Among the more obscure chapters in comic book collecting are the special advertising inserts included in comics shipped to overseas military PXs. I have several books with Mark Jewelers inserts myself, and didn't know what to make of them for the longest time. Like a lot of ads in the 1970s, they were geared toward adults, and not the children that are stereotypically the audience for comics. I eventually had them pegged as military base exclusives, but the "outside of the U.S." aspect was a wrinkle I hadn't considered until recently. It does make perfect sense.
In looking into Mark Jewelers, I discovered Military Insert Mania via this message board thread. I learned a whole lot more about these inserts from those two sources than I had in all my years of collecting and stumbling across them by accident. But there are still plenty more mysteries about these shadowy, hidden "variants." Chief among them for me is how the military insert arrangement came about in the first place. I'm also curious as to why it was Mark Jewelers that carried the banner for something like 20 years.
Mark Jewelers (also H & R Sales, but apparently the same company) was located at 9041 West Pico Boulevard in Los Angeles, California. I stress "was" here because it looks as if that location has been swallowed up by Bais Chana Chabad High School, a private, Jewish, girls-only school. I can't find any record of "the" Mark Jewelers still existing, though it's certainly possible that they do. Considering the ads disappeared in the early 1990s, I wouldn't be surprised if they gave up the ghost around that time.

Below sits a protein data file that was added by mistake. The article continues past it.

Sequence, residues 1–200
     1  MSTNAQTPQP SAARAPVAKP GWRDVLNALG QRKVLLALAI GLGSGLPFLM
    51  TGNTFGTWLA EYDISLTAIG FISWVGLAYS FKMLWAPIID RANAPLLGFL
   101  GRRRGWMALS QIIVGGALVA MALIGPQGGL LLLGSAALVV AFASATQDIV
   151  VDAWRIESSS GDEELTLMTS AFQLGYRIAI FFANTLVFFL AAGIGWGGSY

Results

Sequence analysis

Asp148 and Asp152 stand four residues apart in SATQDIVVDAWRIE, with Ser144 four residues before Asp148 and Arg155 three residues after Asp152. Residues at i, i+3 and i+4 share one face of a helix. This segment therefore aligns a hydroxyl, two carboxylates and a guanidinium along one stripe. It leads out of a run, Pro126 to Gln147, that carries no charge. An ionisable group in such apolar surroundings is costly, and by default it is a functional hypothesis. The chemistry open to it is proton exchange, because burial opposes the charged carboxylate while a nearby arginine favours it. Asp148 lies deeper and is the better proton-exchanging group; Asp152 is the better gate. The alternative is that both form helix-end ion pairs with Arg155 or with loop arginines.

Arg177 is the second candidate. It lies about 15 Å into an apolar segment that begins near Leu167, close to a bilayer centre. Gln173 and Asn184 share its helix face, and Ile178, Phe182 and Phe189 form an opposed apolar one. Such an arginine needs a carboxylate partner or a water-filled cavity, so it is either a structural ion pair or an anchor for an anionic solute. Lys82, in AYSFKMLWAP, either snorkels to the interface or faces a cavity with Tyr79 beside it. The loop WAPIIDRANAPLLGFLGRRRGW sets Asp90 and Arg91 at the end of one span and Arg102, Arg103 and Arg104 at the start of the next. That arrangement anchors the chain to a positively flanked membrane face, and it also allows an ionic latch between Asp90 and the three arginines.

Regrettably, that's all I know for now. I'll probably be making further inquiries as time and interest permit. I can't speak for anyone else, but I'd love to know more about Mark Jewelers and why they considered comic books an effective tool for reaching their customers for two decades.